When costume designer Anne Kennedy first began to work on Over & Over, a brand-new musical based on Thornton Wilder's The Skin of Our Teeth, she felt more than a little overwhelmed. After all, even though the production was being mounted at Signature Theatre, a place Kennedy, the resident costume designer for the DC-area company, calls "home," the project had an impressive pedigree. With a score by John Kander and Fred Ebb (Cabaret, Chicago, and Kiss of the Spider Woman), a book by Joseph Stein (Fiddler on the Roof, Zorba), choreography by Bob Avian (A Chorus Line, Miss Saigon, Sunset Boulevard), and Broadway veterans Bebe Neuwirth and Dorothy Loudon signed on to appear, buzz about a Broadway transfer had built to a steady roar before a single scene had been blocked.
But something Signature managing director Paul Gamble said helped Kennedy shake off the pressure and focus on the task at hand. "You have to remember: This is about us," she recalls him telling her. The words stuck with her. "We do things at Signature in a wonderfully charged way," she says. "To think about it any other way was just too dangerous."
So Kennedy did what she always does when she tackles a new project at Signature: She went to the library and threw herself into her research. "I just pull books that attract me," she says. "Whether I end up using them or not, I try to overstimulate my eyes. And I do a lot of xeroxing." She also created a collage for each character, representing "my initial impressions of how I thought these people should look," she says.
Like Wilder's play, Over & Over centers on the struggles of the nuclear family throughout time. The Antrobus household is comprised of an archetypal mother, a wacky inventor dad, a sort of-sweet, sort of-sinister son and daughter, and Sabina, the saucy French maid.
A variety of other characters--played by Loudon and a host of others--stroll in and out of the family's lives as they journey from the Ice Age to the Great Flood to the War. But though the play covers about 5,000 years of history, Kennedy decided to base the clothes loosely on fashions of the 40s. "For me, the 40s represented a playfulness, an all-Americanness that seemed to make sense for the struggle of this nuclear family," she says, noting that she also mixed in some 50s styles. "There's such a whimsicality about the clothing of that era: polka dots and stripes, funny-shaped hats and wide lapels, big skirts."
For Mrs. Antrobus, the good mother, Kennedy plucked images that embodied innocence: matching shoes, gloves, and jewelry, bows, and crinolines. "Very June Cleaver," she says. Mr. Antrobus, meanwhile, sports a "classic nutty professor" look, with tweedy fabrics, bow ties, elbow patches, and sweater vests.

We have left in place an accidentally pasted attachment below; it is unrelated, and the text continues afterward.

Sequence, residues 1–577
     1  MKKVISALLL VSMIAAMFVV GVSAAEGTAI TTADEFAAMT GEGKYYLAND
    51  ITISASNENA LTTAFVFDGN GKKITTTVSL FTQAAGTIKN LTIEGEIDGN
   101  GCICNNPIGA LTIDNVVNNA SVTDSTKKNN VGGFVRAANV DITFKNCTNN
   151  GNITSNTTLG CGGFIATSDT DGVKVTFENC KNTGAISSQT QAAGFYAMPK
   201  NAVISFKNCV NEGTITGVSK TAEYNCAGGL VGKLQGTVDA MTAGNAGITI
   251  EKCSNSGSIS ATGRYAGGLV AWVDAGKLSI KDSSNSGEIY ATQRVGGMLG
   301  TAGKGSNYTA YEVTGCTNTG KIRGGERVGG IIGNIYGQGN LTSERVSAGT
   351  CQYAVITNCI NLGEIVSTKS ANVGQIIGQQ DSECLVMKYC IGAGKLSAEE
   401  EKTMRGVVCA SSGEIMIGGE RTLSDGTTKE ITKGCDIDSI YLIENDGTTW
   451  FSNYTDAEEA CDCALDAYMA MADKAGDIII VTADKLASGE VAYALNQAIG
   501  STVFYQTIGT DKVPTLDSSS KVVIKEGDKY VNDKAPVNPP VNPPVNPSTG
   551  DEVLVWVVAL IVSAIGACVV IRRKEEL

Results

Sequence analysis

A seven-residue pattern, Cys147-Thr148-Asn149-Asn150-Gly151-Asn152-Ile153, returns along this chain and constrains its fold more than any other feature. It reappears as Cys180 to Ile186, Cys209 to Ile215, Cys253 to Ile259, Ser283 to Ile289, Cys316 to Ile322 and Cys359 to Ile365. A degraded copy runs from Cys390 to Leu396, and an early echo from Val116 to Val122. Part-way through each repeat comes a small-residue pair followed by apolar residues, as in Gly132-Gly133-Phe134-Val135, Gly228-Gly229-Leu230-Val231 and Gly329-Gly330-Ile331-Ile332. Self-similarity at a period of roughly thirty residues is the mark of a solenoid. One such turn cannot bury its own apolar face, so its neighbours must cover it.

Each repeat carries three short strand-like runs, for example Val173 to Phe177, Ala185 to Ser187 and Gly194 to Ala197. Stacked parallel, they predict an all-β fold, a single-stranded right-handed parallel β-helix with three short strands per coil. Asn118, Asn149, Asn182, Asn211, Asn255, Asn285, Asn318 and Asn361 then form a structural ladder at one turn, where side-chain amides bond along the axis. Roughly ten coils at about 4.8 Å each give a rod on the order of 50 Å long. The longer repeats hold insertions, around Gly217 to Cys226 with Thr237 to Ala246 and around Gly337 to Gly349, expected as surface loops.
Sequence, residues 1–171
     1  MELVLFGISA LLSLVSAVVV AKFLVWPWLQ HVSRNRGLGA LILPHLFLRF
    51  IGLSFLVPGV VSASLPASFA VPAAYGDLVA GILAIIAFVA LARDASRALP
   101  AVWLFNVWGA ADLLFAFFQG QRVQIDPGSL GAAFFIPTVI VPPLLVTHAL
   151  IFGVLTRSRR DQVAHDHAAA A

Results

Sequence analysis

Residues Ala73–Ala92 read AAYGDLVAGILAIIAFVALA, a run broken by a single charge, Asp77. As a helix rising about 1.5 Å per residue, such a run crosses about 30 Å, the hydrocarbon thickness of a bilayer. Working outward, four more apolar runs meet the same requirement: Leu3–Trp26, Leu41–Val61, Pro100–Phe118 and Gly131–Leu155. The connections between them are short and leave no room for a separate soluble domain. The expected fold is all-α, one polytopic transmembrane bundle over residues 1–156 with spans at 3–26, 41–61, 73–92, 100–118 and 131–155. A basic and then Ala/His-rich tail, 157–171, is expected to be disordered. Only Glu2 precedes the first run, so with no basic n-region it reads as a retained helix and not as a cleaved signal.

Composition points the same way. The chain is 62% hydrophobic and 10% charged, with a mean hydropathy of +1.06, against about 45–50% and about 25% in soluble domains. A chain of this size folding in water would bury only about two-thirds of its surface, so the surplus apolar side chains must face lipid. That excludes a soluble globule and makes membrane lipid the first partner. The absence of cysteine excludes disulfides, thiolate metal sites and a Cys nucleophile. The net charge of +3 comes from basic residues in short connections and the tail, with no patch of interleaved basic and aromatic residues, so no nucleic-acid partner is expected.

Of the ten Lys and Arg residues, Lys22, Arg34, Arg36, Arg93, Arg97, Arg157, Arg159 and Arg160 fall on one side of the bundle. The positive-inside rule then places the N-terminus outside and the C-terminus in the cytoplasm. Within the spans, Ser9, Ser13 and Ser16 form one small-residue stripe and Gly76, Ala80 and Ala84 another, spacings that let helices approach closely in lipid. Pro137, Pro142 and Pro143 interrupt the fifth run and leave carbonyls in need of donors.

The children were a bit more complex. For Gladys, the daughter, Kennedy combined the sweetness of Shirley Temple with the naughtiness of Ramona the Pest. Cute-as-pie ringlets, oversized bows, frilly anklets, and candy-striped garb give way to grittier images as the play advances, but one image remains constant throughout: red shoes. "I'm really fond of latching onto symbols in clothing," Kennedy admits, "and I had just finished reading the folk tale The Red Shoes and how red shoes can be a symbol of a woman needing to travel, a symbol of fleeing and wildness. And Gladys has that in her."
Gladys' brother, Henry, is dressed as an innocent schoolboy in Act I, a concept director Eric Schaeffer suggested--complete with short pants, argyle knee socks, a blazer with an emblem on it, and what Kennedy calls a "silly kind of pageboy wig." It's a look meant to fool the audience into thinking he's a prototypical good boy. Then in Act II, Henry appears in a Boy Scout uniform, which he tears off as he taunts the audience for being "nice people." Underneath his hat, his head is shaved and scarred. When he rips off his Boy Scout shirt, the audience is shocked to discover tattoos meant to evoke swastikas. Hardly the Norman Rockwell type he may first have seemed.
Costuming Sabina offered an entirely different challenge. Just a few weeks before the show was set to open, Neuwirth, who had been cast as the sassy maid, left the production. Word on the street was that she lacked the warmth and overt sensuality the role required. (Bubbly Bernadette Peters had played the role in early readings.) Sherie Scott quickly assumed the role. But the two women's body types are altogether different; costume adjustments were made to render the maid outfits "more flattering to Sherie," says Kennedy, although the basic concepts--deep purple velvets, fishnet stockings, and French lace--were kept.
In order to accommodate the last-minute costuming adjustments she knew she'd have to make as the show evolved, Kennedy took care to build flexibility into her designs. Although she had about six times the usual budget at her disposal, she "shopped and borrowed and begged" most of the clothing, she says, because "if I'm investing in having things built and costumes gets cut, that's a lot of money and effort wasted." And because Signature has no costume shop, the pieces she did build were farmed out to a corps of volunteer sewers. "I just handed fabric off and got back wonderful pieces," she says. "I really was wonderfully fortunate to have them."
Kennedy also credits her fellow designers--Lou Stancari (sets) and Howell Binkley (lighting)--with helping to make her costumes look their best onstage. And while she has moments of pride when she watches the actors parade across the stage in her creations (the highly whimsical beauty pageant costumes in Act II are among her favorites), she admits she'd do a few things differently if she had a Broadway budget to play with. "I'd like to have that opportunity," she says in a tone at once hopeful and wistful. If the buzz proves to be more true than fickle, she may have her chance.